The Hooded Utilitarian is a resource that calls itself a “quasi-blog/quasi-magazine hybrid” and writes on its site that it is devoted to cultural criticism. Using ‘Utilitarian’ in the title of the site itself infers that it is not just to “look pretty” but it is intended to be practical, implying that they believe that the quality of content within is what is important.
I think the site is very easy to use and is laid out in a very practical manner. Upon searching the site, you will find criticism on anything from subliminal messages in new music videos to imperialism in comic books all of which you can search a topic and choose one of your liking from a long alphabetical list and all the relevant articles will appear, which is very helpful.
It seems that anybody who has anything to say can write for this site by simply emailing the editor Noah Berlatsky with their ideas. This might initially seem precarious with the fear of the public domain of Wikipedia lurking in your mind, though I do not find this a negative thing upon revising the articles on the site. When scrolling through the numerous posts, it becomes clear that there is a common topic of politics running through them and are based upon informative criticism and non-biased positions rather than trivial speculating.
What I thought was very interesting about this article/blog post is how it not only discusses the treatment of people of colour in the novels but also how the idea of “the other” is represented both within the fictional world and the world which JK Rowling is from. This suggestion might have been weak if Shoker had not included British historical background (treatment of the Irish, Welsh and Scottish) in context with the world of Harry Potter which makes for a well-supported argument and is quite insightful.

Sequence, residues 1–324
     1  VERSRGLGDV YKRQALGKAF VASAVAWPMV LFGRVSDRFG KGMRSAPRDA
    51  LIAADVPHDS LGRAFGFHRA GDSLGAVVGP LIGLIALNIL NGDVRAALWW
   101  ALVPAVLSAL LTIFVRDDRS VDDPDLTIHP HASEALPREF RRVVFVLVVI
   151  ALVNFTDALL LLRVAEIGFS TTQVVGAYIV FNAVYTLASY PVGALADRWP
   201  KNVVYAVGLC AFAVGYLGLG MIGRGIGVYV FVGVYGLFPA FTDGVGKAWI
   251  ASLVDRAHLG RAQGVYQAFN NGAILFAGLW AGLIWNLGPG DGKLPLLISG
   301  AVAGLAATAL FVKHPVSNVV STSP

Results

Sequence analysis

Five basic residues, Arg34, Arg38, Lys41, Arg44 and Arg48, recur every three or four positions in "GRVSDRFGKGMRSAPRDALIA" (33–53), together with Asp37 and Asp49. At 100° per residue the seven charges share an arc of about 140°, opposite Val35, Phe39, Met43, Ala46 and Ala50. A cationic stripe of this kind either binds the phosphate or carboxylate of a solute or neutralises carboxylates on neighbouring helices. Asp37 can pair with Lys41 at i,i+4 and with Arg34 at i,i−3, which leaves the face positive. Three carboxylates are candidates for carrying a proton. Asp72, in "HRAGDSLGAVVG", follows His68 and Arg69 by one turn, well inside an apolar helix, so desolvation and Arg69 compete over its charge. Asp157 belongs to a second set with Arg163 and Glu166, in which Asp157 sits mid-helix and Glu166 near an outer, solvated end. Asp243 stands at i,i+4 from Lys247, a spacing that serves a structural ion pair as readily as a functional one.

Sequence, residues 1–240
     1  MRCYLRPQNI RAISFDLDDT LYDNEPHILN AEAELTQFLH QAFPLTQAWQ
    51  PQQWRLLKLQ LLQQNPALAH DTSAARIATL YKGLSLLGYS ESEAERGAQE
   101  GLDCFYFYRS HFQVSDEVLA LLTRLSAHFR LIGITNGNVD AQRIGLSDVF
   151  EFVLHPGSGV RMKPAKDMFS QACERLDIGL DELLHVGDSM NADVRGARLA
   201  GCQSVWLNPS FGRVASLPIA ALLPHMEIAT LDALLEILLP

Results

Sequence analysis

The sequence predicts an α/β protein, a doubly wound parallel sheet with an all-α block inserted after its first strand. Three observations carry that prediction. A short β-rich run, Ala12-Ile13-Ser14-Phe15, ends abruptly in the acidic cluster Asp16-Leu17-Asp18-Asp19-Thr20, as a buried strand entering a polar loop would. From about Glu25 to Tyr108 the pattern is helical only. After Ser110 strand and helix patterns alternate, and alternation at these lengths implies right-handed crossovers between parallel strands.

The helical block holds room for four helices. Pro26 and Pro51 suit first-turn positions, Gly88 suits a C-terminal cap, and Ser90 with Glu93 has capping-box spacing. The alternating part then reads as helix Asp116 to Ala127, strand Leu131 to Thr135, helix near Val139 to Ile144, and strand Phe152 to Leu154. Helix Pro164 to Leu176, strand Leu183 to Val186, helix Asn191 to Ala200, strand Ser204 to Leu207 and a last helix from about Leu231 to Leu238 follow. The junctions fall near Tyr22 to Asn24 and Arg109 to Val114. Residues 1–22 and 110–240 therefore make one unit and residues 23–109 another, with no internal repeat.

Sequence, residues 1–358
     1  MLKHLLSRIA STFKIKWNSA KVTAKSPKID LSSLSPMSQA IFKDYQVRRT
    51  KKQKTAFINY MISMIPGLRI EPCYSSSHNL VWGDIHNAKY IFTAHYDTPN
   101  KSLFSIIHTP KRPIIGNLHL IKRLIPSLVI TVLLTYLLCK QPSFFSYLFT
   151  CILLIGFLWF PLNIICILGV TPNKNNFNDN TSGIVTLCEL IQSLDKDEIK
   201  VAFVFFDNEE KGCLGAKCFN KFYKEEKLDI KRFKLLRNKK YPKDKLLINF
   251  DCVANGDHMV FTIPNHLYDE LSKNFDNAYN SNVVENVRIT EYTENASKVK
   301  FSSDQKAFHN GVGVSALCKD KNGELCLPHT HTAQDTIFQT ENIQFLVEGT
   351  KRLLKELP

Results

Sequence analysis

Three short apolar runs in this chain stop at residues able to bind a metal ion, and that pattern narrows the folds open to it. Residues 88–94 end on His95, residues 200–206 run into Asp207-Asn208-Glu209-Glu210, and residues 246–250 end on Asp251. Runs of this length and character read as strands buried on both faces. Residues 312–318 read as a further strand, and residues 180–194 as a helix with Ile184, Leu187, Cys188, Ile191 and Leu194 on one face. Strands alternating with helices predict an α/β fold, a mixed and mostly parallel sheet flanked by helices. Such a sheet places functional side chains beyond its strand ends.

There are also numerous other resources quoted within the article to support the argument being given – one that stood out to me was written by Charles Husband, in regards to politics “flirting with racism” in relation to how people of colour ‘should be’ integrated within Britain and how they are integrated within Harry Potter. This is useful if people want to read further on the subjects that are outside of the discussion of Harry Potter and focus more on the politics aspect.
This being said, Shoker does use some questionable sources to support her argument. She references MTV News, Wikipedia and a few journalistic sources. It is not recommended to use journalistic sources in an essay, and likewise Wikipedia is a site which anybody can write on therefore many ‘facts’ on there may be unreliable. The resources Shoker uses are my one fault with this source and despite the astute content, I believe they unfortunately lower the quality of the post itself.
Despite this, the post does raise engaging points and I thought it was beneficial to read of the representations of culture within the Harry Potter films in comparison to the novels. The clothes which Cho Chang and the Patil sisters are wearing at the ball might not seem relevant when discussing race in the Harry Potter series, but when it is put alongside the film adaptations, it suddenly becomes more important and more noticeable.Cross-linking the novels to the film adaptations makes for quite an interesting comparison and what I appreciate about this resource is that it allows the reader to not only focus on what is being said in the books but also what is not being said.
Shoker, Sarah. (2013). “Harry Potter, Race, and British Multiculturalism”. [online] accessed via http://www.hoodedutilitarian.com/2013/04/harry-potter-race-and-british-multiculturalism/